[ Welcome to Peoria, Arizona ]
Peoria is in Maricopa and Yavapai counties in the state of Arizona. Located primarily in Maricopa County, it is a major suburb of Phoenix. According to 2010 Census Bureau releases, the population of the city is 154,065. Peoria is currently the sixth largest city in Arizona for land area, and the ninth largest for population. It was named after Peoria, Illinois. (The word peoria is a corruption of the Illini word for “prairie fire”.) Peoria is now larger in population than its namesake. It is the spring training home of the San Diego Padres and Seattle Mariners who share the Peoria Sports Complex. In July 2008, Money magazine listed Peoria in its "Top 100 Places to Live".
Residents attend schools in the Scottsdale Unified School District. There is a Paradise Valley Unified School District, and it is one of the largest in the state, though like many other institutions with the name Paradise Valley, it refers to the Phoenix village, and not to the town.
Peoria sits on flat gently sloping desert terrain in the Salt River Valley, and extends into the foothills of the mountains to the north. Seasonal rainfall and runoff from mountain snowmelt filled the Salt River, at times flooding the valley and wiping out months of backbreaking labor. If the area was to become habitable and productive all year, the cycle of flood and drought had to be replaced with a reliable supply of water that could be controlled year-round.
The pioneers turned to irrigation. In 1868 John W. “Jack” Swilling organized a group of men to dig the first modern irrigation ditch in the Salt River Valley. Their success enticed more people to settle in the area and reap the benefits of a revitalized irrigation system.
By 1872, there were eight thousand acres (32 km²) of land under cultivation in the valley and a thriving community had been built along the Salt River. Over the years irrigation companies sprung up and in the next three years three canal systems—the Maricopa, Grand, and Salt River Valley—were constructed, each allowing sustaining growth in the Valley. Visionary settlers began to imagine the potential income to be had by reclaiming the rich desert lying higher up the slope above the recently completed Grand Canal; in 1882, the Arizona Canal Company was organized to do just that. The proposed canal would be larger than its approximately 80,000 acres (320 km2)—including the site that would soon be Peoria—to a more consistent and regulated water system.
The Arizona Canal Company tapped William J. Murphy, a former Union Army officer, to head construction on the 41-mile (66 km) canal. The young engineer from Illinois had just completed the grading of a stretch of the Atlantic and Pacific Railway (which later became the Atchison, Topeka and Santa Fe Railway). Unable to pay Murphy in cash, the canal company offered him land and water rights to a large amount of property as compensation.
With vision and foresight, he accepted, and in 1885 the Arizona Canal was completed.
Murphy returned to Illinois to recruit settlers to transform the land into a sustainable farming community. Several residents of Peoria, Illinois, were enticed by descriptions of the area’s climate and agricultural potential and soon purchased 5,000 acres (20 km2) among them. Four farming families left Illinois that fall to relocate to what is now Peoria. Before erecting simple adobe homes, the settlers lived in large canvas tents. Peoria stood alone fourteen miles (21 km) from Phoenix, at the time a frontier city of about 3,500 people. An old desert frightening road connecting Phoenix to the Hassayampa River near present-day Wickenburg was the only major transportation route in the area until 1887, when a new road was laid out.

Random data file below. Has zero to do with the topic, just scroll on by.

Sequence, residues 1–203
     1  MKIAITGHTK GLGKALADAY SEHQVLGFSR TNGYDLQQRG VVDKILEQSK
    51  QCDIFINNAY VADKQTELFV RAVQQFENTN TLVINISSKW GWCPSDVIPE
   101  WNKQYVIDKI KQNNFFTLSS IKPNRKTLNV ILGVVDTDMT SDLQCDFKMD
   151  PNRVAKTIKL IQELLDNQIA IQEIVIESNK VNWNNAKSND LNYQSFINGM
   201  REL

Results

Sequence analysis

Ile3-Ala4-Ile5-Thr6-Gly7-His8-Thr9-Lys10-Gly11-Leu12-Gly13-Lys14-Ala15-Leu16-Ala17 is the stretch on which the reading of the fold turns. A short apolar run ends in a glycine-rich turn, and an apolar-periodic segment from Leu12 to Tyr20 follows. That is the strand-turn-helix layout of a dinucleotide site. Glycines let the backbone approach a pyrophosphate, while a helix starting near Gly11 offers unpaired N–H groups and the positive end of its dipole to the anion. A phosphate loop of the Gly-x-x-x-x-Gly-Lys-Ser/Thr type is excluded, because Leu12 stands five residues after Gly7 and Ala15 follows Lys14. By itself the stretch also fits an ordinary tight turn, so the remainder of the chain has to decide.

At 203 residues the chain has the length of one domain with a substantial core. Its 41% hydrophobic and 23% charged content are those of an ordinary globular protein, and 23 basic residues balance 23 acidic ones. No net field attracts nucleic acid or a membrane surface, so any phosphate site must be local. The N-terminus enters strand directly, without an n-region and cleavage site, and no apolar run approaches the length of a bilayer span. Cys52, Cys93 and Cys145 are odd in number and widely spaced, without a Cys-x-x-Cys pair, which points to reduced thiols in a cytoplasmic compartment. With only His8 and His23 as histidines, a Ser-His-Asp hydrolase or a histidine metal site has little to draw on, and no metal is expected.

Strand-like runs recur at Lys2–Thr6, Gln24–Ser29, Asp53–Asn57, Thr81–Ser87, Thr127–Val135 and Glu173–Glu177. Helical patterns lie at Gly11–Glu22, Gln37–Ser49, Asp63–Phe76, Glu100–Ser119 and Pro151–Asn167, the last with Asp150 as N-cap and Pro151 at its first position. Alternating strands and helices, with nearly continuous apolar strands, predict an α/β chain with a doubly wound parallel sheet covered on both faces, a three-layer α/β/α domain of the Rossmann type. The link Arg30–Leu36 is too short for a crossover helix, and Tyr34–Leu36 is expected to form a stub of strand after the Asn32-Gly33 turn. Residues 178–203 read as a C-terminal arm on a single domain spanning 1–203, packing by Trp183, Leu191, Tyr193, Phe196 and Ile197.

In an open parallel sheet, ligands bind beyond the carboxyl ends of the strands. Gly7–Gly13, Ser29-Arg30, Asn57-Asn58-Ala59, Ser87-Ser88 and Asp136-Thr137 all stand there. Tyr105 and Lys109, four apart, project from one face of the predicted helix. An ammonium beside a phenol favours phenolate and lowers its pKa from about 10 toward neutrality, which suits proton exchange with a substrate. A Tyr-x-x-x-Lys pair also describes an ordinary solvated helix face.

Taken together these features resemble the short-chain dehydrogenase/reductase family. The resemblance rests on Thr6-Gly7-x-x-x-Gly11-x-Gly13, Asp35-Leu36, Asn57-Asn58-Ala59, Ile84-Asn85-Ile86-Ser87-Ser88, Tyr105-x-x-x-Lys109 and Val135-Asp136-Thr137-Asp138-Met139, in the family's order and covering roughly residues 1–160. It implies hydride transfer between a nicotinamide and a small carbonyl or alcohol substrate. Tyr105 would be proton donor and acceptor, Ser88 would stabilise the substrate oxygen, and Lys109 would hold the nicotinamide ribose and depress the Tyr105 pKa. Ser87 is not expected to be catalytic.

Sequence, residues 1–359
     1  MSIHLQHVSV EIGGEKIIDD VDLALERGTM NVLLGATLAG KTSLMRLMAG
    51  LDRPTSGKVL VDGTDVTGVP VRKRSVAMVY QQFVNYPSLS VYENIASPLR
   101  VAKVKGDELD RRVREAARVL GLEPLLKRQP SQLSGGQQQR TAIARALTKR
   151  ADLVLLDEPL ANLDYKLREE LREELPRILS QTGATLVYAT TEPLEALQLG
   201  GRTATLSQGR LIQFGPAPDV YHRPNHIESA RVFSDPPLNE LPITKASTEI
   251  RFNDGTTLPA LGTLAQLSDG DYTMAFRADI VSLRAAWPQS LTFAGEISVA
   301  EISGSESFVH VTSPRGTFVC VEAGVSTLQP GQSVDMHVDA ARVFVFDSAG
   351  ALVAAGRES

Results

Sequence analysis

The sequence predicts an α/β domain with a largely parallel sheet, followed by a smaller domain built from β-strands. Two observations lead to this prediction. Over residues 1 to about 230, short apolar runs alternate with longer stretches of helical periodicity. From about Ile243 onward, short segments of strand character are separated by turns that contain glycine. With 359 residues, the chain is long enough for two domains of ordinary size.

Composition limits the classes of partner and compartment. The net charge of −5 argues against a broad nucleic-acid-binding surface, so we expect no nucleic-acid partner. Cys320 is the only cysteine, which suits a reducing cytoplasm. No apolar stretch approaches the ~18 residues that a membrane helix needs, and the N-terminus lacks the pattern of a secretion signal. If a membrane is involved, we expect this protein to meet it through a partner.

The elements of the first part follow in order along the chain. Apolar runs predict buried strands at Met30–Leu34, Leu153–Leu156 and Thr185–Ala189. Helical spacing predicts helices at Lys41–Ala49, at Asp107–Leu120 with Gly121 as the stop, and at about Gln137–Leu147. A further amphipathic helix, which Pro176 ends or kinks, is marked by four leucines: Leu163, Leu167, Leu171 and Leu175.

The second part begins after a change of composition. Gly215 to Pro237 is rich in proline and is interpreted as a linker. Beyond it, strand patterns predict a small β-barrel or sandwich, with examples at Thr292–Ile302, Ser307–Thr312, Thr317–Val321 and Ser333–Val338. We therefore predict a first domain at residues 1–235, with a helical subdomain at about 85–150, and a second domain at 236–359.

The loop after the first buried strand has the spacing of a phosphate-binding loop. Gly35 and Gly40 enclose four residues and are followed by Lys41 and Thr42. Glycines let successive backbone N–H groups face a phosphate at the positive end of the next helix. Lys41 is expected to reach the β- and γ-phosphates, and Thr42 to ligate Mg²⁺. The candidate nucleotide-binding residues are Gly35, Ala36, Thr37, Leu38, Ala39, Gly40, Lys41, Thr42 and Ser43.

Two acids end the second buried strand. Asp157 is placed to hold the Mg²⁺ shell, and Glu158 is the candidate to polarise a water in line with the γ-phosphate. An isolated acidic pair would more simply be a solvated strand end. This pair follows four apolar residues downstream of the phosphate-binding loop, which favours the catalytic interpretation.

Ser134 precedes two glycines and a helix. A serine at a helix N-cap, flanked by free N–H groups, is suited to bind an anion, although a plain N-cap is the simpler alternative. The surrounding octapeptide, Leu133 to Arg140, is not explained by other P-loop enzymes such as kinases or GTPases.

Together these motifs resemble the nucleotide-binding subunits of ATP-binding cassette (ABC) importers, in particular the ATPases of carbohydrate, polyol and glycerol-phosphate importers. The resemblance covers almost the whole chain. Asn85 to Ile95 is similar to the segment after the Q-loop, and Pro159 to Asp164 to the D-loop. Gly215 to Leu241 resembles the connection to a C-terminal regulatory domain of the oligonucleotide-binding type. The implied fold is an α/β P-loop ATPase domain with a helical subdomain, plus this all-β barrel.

This 100-foot-wide (30 m) thoroughfare was named Grand Avenue, angled through the newly designed town sites of Alhambra, Glendale, and Peoria and quickly became the main route from Phoenix to Vulture Mine. The actual Peoria town site was owned by Joseph B. Greenhut and Deloss S. Brown. In 1890, the two men from Peoria, Illinois, acquired four sections of land from the government through the Desert Lands Act. They filed Peoria’s plot map with the Maricopa County recorder on May 24, 1897, naming the settlement after their hometown.
The original plot map of Peoria included east and west streets (from south to north) Monroe, Madison, Jefferson, Washington, Jackson, Lincoln, Grant, and Van Buren. Streets going north and south were (from west to east) Almond (present-day 85th Avenue), Peach (present-day 84th Avenue), Orange (present-day 83rd Avenue), Vine (present-day 82nd Avenue), Walnut (present-day 81st Avenue), the plot was roughly from present-day Peoria and 85th avenues to Monroe Street and 85th Avenue to Monroe Street and 81st Avenue to 81st Avenue and south of the Desert Cove alignment.
As soon as the proposed Peoria town site was surveyed a hand-dug water well was sunk in 1889 on the public right-of-way at the intersection of Grand Avenue and Washington Street. A “town well” provided water for local residents as well as the traveling public. Five years later the well was refashioned into a water tower and tank standing 89 feet (27 m) high. A social gathering place as well as source of water, the tower seemed to symbolize the young settlement’s growing sense of civic pride. On August 4, 1888 the Territory of Peoria,
Arizona was granted a post office in its name and served a population of twenty-seven. Maricopa County supervisors defined the boundaries for School District Eleven, comprising forty-nine square miles, and the first class took place in an unoccupied brick store that faced north on Washington Street until Peoria’s first school building, a one-room structure completed in 1891. Attendance was erratic and thanks to a wagon full of nine children the district in question by county officials was saved.
Early growth of the town